Post title: hypnosis + 'the most important thing'
(Oct 1 2010 at 07:52 PM)
There's a phenomena in the practice of zazen that is similar to hypnotic suggestion from one's own unconscious. At S.F. Zen Center, Kobun Chino Otogawa once said: "You know, sometimes zazen gets up and walks around." My own understanding, which I have come to years after having the experience Kobun described, is that the pulmonary respiration and the cranial-sacral respiration utilize the sense of location in the occurrence of consciousness to open feeling (and well-being is simply a matter of "
Post title: from Hardcore Zen comments
(Sep 28 2010 at 06:30 PM)
There was once a sense of revolution here around San Francisco, and a strange melding of African-American, Asian-American, Native American, and Anglo-American influences. A bop and beat culture with Taoist and Buddhist influences, that understood that Native Americans had the right idea about the land, and was determined to bring Western science into the mix. The psychedelics made a transformation of culture seem imminent. The appearance of amazing teachers from the East made the transformation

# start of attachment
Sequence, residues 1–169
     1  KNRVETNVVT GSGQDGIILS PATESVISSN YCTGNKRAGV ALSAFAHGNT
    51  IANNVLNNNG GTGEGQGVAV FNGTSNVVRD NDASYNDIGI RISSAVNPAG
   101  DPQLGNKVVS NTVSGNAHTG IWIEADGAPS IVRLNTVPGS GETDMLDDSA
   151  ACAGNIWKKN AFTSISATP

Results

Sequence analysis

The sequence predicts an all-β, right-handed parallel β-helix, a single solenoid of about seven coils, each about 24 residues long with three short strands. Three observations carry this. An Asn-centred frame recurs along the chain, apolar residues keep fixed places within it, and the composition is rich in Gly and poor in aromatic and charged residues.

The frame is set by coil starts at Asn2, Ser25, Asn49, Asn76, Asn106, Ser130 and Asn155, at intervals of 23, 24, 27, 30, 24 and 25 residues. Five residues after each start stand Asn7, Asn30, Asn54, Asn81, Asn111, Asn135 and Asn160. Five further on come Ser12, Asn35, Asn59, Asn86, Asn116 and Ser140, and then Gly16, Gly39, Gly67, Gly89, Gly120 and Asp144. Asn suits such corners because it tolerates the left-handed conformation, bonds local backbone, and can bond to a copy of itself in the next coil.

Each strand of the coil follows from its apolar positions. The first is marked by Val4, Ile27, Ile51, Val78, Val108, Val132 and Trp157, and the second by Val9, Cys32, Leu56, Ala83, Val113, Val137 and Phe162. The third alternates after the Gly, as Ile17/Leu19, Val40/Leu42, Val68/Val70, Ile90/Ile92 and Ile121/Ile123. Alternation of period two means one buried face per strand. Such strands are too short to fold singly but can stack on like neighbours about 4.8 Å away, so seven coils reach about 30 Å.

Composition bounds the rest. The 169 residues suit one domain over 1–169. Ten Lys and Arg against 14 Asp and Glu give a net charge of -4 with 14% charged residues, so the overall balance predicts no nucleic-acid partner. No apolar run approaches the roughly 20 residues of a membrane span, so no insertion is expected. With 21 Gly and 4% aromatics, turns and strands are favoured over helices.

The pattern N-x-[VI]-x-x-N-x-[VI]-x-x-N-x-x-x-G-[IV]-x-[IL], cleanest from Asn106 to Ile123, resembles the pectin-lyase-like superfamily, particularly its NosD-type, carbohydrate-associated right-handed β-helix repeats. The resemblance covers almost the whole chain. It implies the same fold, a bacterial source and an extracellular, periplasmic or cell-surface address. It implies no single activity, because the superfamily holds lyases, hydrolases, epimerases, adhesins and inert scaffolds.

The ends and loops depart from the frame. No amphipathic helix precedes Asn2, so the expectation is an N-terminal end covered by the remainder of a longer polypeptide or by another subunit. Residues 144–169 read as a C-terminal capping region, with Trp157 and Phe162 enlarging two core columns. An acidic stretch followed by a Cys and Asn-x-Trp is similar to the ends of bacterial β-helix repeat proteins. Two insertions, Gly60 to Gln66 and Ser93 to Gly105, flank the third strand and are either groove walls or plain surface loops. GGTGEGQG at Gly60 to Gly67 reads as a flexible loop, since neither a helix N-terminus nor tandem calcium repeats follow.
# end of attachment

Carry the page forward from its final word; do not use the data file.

Post title: Last time I saw Kobun
(Sep 16 2010 at 10:47 AM)
Last time I saw Kobun (unusual Zen guy, wanted to be called Kobun without any honorific), he was concluding three week-long sesshins back-to-back. Someone asked him if he had any pain or numbness in the lotus, and he replied that he never did (of course, his father was a Zen teacher, and Kobun first started sitting at age seven). Kobun noted that he did have pain in seiza, sitting on the knees.
So it can be done, that's my take. The motion at the sacrum allows the weight of the body to trigge
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